The recent Appellate Division decision, XCalibur Communications v. Karcich, involved a dispute over the sale of the plaintiff’s merchandise on eBay. No word on whether any of those sales involved shoes like the ones Hill’s character was looking to buy, but the decision helps clarify the scope of the litigation privilege, which is broader than many people think. 

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Take It Outside: Club Not Responsible For Injuries When Fight Spilled Into Parking Lot

by:  Peter J. Gallagher (@pjsgallagher) (LinkedIn)

Roadhouse (pd)You don't need to be James Dalton to know that bar fights are scary. (If you don't know who James Dalton is, however, you do need to go watch Road House.) Bar fights can also create legal problems for bar owners. For example, do bar owners have a duty to keep their patrons safe from harm caused by fights? In Lloyd v. Underpass Enterprises, Inc. t/a The Harem, the Appellate Division dealt with this issue in the context of a somewhat unusual situation — a fight between two people that started in the club but ended up outside the club, and injured an individual who was not one of the combatants.

In Lloyd, plaintiff was playing "poker tournament style" in a hotel room with some co-workers, including Cecil George. After the game, they decided to visit a gentleman's club. George invited a friend, who had not been at the poker game, to join them at the club. About an hour after arriving, plaintiff saw George fighting with someone who "may have been" the friend George invited to the club. The club's bouncers broke up the fight, "escorted George and the other combatant outside to the parking lot," and then waited near the club's entrance. Plaintiff followed them out. The Appellate Division described what happened next:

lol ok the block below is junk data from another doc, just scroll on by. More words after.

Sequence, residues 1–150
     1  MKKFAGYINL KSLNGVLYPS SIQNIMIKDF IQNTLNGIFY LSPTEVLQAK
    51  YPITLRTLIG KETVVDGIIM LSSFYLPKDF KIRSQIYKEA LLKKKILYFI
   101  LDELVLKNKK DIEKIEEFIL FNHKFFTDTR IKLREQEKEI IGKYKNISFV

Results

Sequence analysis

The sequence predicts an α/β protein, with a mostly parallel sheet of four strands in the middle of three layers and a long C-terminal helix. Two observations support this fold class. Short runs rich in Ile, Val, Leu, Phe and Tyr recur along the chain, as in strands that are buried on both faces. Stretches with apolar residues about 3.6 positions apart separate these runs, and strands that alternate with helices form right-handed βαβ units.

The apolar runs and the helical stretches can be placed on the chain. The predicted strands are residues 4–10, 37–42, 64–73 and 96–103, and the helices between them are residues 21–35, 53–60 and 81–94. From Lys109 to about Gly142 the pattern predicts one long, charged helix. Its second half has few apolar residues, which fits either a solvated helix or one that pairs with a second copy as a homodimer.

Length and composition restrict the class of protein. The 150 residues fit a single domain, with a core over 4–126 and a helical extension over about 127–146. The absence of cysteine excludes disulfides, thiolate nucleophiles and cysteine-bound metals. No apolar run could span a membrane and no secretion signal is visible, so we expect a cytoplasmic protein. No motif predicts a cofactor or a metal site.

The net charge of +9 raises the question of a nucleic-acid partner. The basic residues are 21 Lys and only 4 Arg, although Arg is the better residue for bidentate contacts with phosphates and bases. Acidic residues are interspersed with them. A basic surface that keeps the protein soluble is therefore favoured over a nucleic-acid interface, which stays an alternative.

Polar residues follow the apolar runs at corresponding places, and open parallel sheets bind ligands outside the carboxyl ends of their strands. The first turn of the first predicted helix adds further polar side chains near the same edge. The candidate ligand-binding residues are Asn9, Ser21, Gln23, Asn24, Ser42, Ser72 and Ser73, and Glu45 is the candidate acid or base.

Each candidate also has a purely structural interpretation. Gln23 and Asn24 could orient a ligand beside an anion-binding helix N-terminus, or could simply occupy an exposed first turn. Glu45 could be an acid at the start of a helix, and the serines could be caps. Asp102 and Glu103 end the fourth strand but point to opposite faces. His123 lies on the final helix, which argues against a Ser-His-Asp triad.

[Plaintiff] was standing near George when he saw the other combatant rushing quickly, looking "menacing and  coming  at  [them] with  intent." [Plaintiff] stepped in between George and the person  rushing at them to "put  [him]self  as  a  barrier  between  [the other combatant] and [George]." [Plaintiff] stated  "[e]verything  happened  quickly." He awoke four days later in the hospital, having sustained a serious head injury.

Plaintiff sued the club. The club moved for summary judgment, and the trial court granted its motion. Plaintiff appealed, but the Appellate Division affirmed the trial court's decision.

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Field of Bad Dreams?

by:  Peter J. Gallagher (@pjsgallagher) (LinkedIn)

Field of Dreams (PD)
In Field of Dreams, James Earl Jones's character makes a famous speech about baseball being "the one constant through all the years." While "America has rolled by like an army of steamrollers," and has been "erased like a blackboard, rebuilt, and erased again . . . baseball has marked the time." In D.W. v. L.W., the Law Division started its opinion with a less poetic, but more ominous baseball-related statement: "This case involves separated parents, young children, and Little League baseball." If you have been to more than a few youth sporting events, you can probably guess what was at issue in the case. Nonetheless, the court's opinion is a good read as it is part homage to little league baseball and part framework for how parents should (and should not) behave at youth sporting events.